Firstly, thank you… But I don’t think there are many like me. I tell all my friends and family to read what is pretty much your entire “favorites” blogroll, but still, nobody does. My brother in law is a Finance major at OSU, and yet, after sending him dozens of emails with links to this website, zerohedge, mish, fofoa, chrismartenson, 321gold, automaticearth, dollarcollapse, etc etc… He still doesn’t get it. He is barely even interested. Gotta study that DCF. I keep telling him DCF is worthless. How do you calculate your “terminal growth rate”? You make “assumptions” on what inflation will be for your terminal cash flows and then discount them to the present – 10-20 years out. That is a huge fucking joke to me. I have another friend that works at Jim Leitner’s hedge fund, and he doesn’t think there will be a QE3. Yet another joker. If I fish around for every example of the kinds of blinders people my age have on, my post will go on forever.

    When I was taking my mandatory macroecon course at UT-Austin, the professor had us read a chapter on banking – fractional reserve banking. He was asked, by me, why the system works, when it is clearly, CLEARLY, by its own admissions and definitions, a ponzi based on totally nothing, and he said: “faith”. I am not much of a believer in anything. As a matter of semantics, what you “believe” is the same as admission that it is untrue. “I believe in Santa”… “I believe in fairies, elves, unicorns, and an America that follows the Constitution”… You can throw God in there, too, if you like. I do. Nobody else in my macro class even had a question about fractional reserves. They just dismissed it as trivial information, only to be memorized if on the exam. There I was, thinking about how unbelievable it was that a bank can lend out 90%+ of its deposits based on the belief that not enough people would ever want their money out at once…

    Physical cash is undervalued, since digital cash is infinite, and the physical PAPER to back the digits doesn’t exist. Is that insanity or no? And people keep saying gold trades at a ratio of 100:1 paper:phys… The whole system is based on digits and the imagination.

    Anyway, Adminz, we’ll see how my generation does. I don’t have a lot of hope for us, but it’s nice to see someone does. Out with the old and in with the new.

    16th June 2011 at 1:59 pm

  24. Jiggerjuice says:

    @Welshman

    Just in case you were wondering, I also fall into the Moron bracket of Millenials. I have a BBA in Finance and an MBA. Worthless. Back when I was starting college in 2001, though, I felt like a fucking genius. It’s just like everyone says. Engineering was too hard, science/med school track was too hard, prelaw/law track was too tedious, no money in the humanities… I’m Gunther from Futurama. All I want to be in life is to be a monkey of moderate intelligence who wears a suit.

    And I even failed at that.

    16th June 2011 at 2:08 pm

  25. Reverse Engineer says:

    Millenial Heroes will make good Cannon Fodder for the Iluminati.

    RE

    16th June 2011 at 2:33 pm

  26. Pirate Jo says:

    Jig, you are positively cracking me up today! Your last post is priceless. I was having dinner last night with two of my friends, and I thought their jaws would drop into their food when I said I thought it would be cool to be a farmer. I’m one of those suit-wearing (well, business casual-wearing anyway) monkeys with a desk job. I even went into contract work just so I wouldn’t get bored from sitting in one place too long, and because the time off between gigs is nice. Mostly that just seems to mean I end up with one boring gig after another.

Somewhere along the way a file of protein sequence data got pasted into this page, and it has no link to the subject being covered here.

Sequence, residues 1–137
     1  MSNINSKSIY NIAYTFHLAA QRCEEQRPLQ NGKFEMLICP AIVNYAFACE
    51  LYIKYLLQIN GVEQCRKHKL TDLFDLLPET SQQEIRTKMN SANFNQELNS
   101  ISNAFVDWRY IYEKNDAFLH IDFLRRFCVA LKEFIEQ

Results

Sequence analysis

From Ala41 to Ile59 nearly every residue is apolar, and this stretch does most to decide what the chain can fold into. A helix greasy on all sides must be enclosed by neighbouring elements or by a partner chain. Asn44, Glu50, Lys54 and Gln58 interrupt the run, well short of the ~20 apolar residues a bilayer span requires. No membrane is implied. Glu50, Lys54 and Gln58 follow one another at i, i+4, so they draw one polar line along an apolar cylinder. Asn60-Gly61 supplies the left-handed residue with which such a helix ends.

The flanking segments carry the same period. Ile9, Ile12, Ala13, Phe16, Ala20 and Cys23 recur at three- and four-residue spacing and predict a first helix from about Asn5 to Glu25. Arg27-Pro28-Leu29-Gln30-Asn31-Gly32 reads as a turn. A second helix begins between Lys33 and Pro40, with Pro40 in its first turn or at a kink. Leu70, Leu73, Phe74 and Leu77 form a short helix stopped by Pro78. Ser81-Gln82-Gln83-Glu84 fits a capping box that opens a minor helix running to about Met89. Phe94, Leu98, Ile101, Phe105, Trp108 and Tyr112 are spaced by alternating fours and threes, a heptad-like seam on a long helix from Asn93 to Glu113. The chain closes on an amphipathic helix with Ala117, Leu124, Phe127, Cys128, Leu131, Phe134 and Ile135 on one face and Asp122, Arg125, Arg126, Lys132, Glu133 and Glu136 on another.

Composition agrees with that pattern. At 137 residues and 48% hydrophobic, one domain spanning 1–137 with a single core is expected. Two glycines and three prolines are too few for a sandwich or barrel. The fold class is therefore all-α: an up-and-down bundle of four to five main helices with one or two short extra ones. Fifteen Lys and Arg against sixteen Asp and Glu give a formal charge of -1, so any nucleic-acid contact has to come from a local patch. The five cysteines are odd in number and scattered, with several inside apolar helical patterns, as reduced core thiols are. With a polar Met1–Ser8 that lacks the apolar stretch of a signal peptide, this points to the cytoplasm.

I don’t care if farmers have to get up early and go outside in the cold. I would like to take care of animals, drive a tractor around, learn a bunch of useful things, and manage my own time. Farmers never do busywork or anything else that is not worth doing, unless they are the ones growing corn to make ethanol with. But I could never afford a farm of my own and don’t stand to inherit one.

    So it’ll be back to work August 1st to fix problems from a badly-done system implementation.

    16th June 2011 at 3:03 pm

  27. Buckhed says:

    A question for you folks. I keep hearing about the “Greatest Generation” but didn’t they give us the following :

    1) McCarthy witch hunts.

    2) Social unrest due to Jim Crow laws,poll taxes and literacy tests in order to vote ( may not have been a bad idea in some respects)

    3) Vietnam

    4) The 1st Gulf War which laid the foundation for the policy towards the Middle East and the further expansion of the empire.

    5) The “Great Society” which in many respects is responsible for the FSA we have today.

    6) Regulatory Agencies that cover every aspect of our life . Examples are OSHA and the EPA.

    7) An end to the gold standard which ushered in the unfettered spending and issuing of currency.

    8) The overthrow of elected heads of state like Iran and the support of tyrants like Trujillo, Batista, Somoza, Duvalier and others.

    There’s more but that’s enough. Even my grand dad a WWII vet said he was unhappy with what his generation did in the name of liberalism and empire building.